The recent ruling by the Colombian Constitutional Court, which effectively legalized abortion in that country, signaled to us at PRI that it was time to expand our efforts in Latin America. Until that ruling, solidly Catholic Latin America had been nearly abortion-free. The only exceptions were Cuba and Puerto Rico, and in neither case did it reflect the will of the people. Fidel Castro imposed abortion on his dirt-poor “socialist paradise” (whose low birthrate and high abortion rate speak to the abysmal conditions there) while abortion was forced on pro-life Puerto Ricans by the judicial tyranny of Roe v. Wade.
Intrusion from the West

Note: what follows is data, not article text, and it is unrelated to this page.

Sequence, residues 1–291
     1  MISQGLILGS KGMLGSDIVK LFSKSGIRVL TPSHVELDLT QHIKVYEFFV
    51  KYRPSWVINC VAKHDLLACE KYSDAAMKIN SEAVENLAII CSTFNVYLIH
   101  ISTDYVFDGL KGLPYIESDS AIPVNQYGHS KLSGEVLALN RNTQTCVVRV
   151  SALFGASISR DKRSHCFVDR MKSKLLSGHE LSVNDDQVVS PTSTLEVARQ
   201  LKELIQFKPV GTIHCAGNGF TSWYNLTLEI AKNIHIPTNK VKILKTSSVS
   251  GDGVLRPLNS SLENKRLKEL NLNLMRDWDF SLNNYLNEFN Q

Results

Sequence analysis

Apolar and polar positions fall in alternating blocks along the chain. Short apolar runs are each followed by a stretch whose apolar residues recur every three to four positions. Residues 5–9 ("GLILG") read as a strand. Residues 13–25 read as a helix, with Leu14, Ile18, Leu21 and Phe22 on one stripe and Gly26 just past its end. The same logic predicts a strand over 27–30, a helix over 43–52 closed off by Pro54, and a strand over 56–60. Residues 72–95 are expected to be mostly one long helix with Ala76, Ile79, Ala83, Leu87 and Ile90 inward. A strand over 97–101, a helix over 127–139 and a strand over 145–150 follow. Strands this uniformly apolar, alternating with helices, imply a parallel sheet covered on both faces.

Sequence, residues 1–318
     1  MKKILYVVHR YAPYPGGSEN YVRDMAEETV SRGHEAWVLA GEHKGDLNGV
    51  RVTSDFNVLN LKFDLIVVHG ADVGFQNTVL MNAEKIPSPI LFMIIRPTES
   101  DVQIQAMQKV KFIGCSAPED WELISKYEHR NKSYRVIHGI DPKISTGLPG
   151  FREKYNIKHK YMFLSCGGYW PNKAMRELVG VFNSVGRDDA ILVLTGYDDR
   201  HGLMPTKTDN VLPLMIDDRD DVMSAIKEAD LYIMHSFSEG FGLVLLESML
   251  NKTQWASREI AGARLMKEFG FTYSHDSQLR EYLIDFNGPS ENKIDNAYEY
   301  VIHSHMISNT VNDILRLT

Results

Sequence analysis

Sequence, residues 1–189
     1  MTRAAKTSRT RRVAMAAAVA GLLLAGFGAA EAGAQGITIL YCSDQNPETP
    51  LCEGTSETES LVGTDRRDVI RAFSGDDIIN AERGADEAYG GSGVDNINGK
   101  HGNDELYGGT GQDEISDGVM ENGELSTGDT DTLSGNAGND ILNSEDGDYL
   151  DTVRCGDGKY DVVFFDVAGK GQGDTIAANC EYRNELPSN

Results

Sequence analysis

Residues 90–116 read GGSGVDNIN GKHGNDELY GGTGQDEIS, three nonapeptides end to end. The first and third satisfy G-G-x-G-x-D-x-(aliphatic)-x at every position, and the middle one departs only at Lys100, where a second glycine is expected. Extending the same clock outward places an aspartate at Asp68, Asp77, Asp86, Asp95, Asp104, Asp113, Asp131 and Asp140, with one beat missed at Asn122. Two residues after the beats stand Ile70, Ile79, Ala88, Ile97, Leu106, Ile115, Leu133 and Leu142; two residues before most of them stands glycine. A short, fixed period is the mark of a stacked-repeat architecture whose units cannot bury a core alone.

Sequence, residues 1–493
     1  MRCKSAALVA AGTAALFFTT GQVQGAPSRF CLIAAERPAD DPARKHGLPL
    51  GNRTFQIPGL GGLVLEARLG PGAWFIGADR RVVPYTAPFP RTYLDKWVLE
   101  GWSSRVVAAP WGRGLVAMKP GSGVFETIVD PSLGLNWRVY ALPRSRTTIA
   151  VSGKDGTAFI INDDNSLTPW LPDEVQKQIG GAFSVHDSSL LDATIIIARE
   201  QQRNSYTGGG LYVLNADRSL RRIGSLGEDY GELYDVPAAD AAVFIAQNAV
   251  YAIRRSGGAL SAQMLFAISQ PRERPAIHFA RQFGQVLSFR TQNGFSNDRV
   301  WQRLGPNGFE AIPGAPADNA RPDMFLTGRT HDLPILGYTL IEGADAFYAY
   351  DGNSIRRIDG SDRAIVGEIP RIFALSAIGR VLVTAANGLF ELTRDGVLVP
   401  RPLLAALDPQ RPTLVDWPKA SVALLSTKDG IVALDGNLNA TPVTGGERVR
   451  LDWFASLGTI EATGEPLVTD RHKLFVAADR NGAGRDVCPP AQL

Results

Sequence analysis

We were convinced that Latinos, if left to themselves, would hold fast to their pro-life, pro-family traditions. The problem was, they weren’t being left to themselves. The UN Population Fund, the World Bank, the European Union and, yes, our own US Agency for International Development were putting tremendous pressure on the governments of Latin countries to legalize abortion and adopt mandatory population control programs. One example of this is a recent ad that appeared in a Nicaraguan newspaper advocating the legalization of abortion: It was signed (and presumably paid for) by an arm of the World Bank. At the same time, these same organizations are cleverly funding local feminist, environmentalist, and population control groups in each country to push the same agenda. These radical groups constitute a kind of fifth column, working to undermine local laws guarding the sanctity of life.